How to Calculate BMI Using Waist and Hip Measurements
You can't actually calculate your body mass index, or BMI, using your waist and hip measurements. These two measurements are used to calculate your waist-to-hip ratio, or WHR, which can be helpful for determining whether you're carrying your weight in a healthy way. Knowing your BMI, plus your waist and hip measurements can be useful though, just for slightly different purposes.
Calculating Body Mass Index
The easiest way to figure out your BMI is to use an online calculator. If you'd rather do the math yourself, use this equation using your height and weight:
BMI = (weight in pounds x 703) / (height in inches x height in inches).
To be at a healthy weight, your BMI needs to be between 18.5 and 24.9. For a person who's 5 feet, 6 inches tall, this would be from 118 to 148 pounds.
BMI is useful as a screening tool. It can help pinpoint whether you might have a high body fat level, which could indicate an increased risk of obesity-related health conditions, such as cancer, diabetes and heart disease.
To calculate your waist-to-hip ratio, measure your waist about halfway between your ribs and your belly button. Then measure your hips at their widest point. Write down both numbers, and divide your waist measurement by your hip measurement. The simple equation is: WHR = waist in inches / hips in inches.
If your WHR is less than 0.8, you have a healthy "pear" shape, but a WHR greater than 0.8 makes you an "apple" shape. Carrying extra weight around your waist puts you at an increased risk for health problems, as it indicates you have more of a dangerous type of fat around your organs called visceral fat.
Waist-to-hip ratio is good for predicting an increased risk of heart disease, high cholesterol, high blood pressure, gallbladder problems, breast cancer and type 2 diabetes, because these are all associated with high levels of visceral fat.
Limitations of BMI
BMI doesn't actually measure body fat, and people with the same BMI numbers may have widely different body fat percentages. In one study, people with a BMI of 18.5 had body fat percentages ranging from 24.6 to 32.3 for women and 12.2 to 19 percent in men. The research was published in the American Journal of Clinical Nutrition in 2012. The average body fat percentage is 25 to 31 percent for women and 18 to 24 percent in men, but fit and athletic people typically have lower body fat levels ranging from 14 to 24 percent for women and 6 to 17 percent for men. To get your body fat tested, consult a fitness professional. Some gyms and health clubs offer this service to their members.
While BMI is a good screening tool for many people, it may overestimate body fat in people with a lot of muscle, such as athletes and bodybuilders. On the other hand, BMI can underestimate body fat in older people, who tend to have less muscle. BMI is just a number, so it doesn't give any information about how fat is distributed across your body.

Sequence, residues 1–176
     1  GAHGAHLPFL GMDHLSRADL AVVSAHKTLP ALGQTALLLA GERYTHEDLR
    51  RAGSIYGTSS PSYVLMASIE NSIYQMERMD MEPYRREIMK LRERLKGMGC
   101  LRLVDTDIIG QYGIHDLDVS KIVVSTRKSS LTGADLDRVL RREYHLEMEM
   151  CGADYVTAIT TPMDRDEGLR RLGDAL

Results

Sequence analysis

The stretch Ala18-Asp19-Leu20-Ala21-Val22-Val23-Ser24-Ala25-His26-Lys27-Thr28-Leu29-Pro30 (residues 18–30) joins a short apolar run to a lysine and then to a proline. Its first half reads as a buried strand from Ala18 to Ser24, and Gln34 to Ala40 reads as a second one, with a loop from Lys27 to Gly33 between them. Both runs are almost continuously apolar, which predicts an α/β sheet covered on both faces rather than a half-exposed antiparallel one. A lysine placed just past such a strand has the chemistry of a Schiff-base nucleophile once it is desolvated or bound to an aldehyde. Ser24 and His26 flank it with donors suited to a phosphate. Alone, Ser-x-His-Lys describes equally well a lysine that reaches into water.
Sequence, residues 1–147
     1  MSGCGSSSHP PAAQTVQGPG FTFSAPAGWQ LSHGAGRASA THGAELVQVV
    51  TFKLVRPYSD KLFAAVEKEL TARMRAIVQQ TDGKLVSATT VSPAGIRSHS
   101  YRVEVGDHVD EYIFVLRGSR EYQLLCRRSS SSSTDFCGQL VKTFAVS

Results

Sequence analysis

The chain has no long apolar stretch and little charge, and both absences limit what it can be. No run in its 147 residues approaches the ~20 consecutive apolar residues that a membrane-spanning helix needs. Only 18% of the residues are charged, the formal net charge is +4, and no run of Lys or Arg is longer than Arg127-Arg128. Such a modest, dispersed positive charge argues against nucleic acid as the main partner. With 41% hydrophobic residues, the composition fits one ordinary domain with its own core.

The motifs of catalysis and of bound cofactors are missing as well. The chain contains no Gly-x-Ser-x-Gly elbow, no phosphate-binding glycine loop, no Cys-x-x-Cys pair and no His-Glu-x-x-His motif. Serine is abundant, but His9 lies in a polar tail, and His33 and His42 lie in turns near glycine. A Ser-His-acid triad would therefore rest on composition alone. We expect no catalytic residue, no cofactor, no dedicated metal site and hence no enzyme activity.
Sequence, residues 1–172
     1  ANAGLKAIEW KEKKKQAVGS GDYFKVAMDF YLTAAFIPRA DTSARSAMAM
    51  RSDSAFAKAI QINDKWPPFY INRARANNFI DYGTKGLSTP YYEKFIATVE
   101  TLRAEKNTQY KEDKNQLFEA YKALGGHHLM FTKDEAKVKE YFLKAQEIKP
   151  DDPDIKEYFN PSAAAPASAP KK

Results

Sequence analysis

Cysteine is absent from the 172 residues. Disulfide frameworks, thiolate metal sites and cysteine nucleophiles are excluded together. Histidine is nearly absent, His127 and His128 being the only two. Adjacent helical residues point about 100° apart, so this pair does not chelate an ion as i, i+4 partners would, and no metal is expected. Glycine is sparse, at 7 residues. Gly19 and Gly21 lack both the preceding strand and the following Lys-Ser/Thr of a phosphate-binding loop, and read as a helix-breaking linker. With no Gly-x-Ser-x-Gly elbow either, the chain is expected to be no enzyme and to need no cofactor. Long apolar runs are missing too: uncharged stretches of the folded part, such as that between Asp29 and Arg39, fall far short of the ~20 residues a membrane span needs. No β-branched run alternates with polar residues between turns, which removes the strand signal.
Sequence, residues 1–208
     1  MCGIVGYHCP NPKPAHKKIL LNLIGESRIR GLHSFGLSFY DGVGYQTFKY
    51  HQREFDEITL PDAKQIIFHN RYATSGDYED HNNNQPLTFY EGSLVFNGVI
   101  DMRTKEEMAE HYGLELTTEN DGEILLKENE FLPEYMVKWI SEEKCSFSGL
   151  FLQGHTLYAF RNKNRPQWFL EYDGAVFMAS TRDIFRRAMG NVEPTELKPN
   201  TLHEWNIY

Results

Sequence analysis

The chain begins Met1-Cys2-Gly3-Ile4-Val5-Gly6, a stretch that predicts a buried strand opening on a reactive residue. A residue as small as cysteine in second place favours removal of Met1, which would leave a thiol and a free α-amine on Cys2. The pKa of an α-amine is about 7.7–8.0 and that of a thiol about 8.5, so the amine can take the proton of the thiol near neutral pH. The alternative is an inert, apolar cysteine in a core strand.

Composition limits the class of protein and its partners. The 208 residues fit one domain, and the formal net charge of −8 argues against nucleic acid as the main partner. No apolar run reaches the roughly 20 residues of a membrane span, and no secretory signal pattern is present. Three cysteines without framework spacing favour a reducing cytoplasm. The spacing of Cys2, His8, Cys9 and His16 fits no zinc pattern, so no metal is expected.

Using Both Measurements
WHR determines whether you have too much fat around your middle, but the measurement has limitations too. WHR doesn't tell you whether you weigh too much or if you're carrying too much body fat overall. Looking at both measurements -- BMI for an overall body fat estimate and WHR to check for visceral fat -- is a more comprehensive way to assess whether your body composition is relatively healthy.
If you want additional information to assess your health, your doctor can order more accurate tests to measure body fat levels and your risk for obesity-related health problems, including heart disease and diabetes.
- University of Nevada Cooperative Extension: Weighing in on Body Fat
- American Cancer Society: Normal Weight Ranges: Body Mass Index (BMI)
- Centers for Disease Control and Prevention: Body Mass Index: Considerations for Practitioners
- The American Journal of Clinical Nutrition: Weight, Shape, and Mortality Risk in Older Persons: Elevated Waist-Hip Ratio, Not High Body Mass Index, Is Associated With a Greater Risk of Death
- Medical Journal of Australia: Waist-Hip Ratio Is the Dominant Risk Factor Predicting Cardiovascular Death in Australia
- European Journal of Clinical Nutrition: Body Mass Index, Waist Circumference and Waist:Hip Ratio as Predictors of Cardiovascular Risk -- A Review of the Literature
- Harvard Medical School: Abdominal Fat and What to Do About It
- The American Journal of Clinical Nutrition: Percentage of Body Fat Cutoffs By Sex, Age, and Race-Ethnicity in the US Adult Population From NHANES 1999-2004
- American Council on Exercise: What Are the Guidelines for Percentage of Body Fat Loss?
Based in Massachusetts, Jessica Bruso has been writing since 2008. She holds a master of science degree in food policy and applied nutrition and a bachelor of arts degree in international relations, both from Tufts University.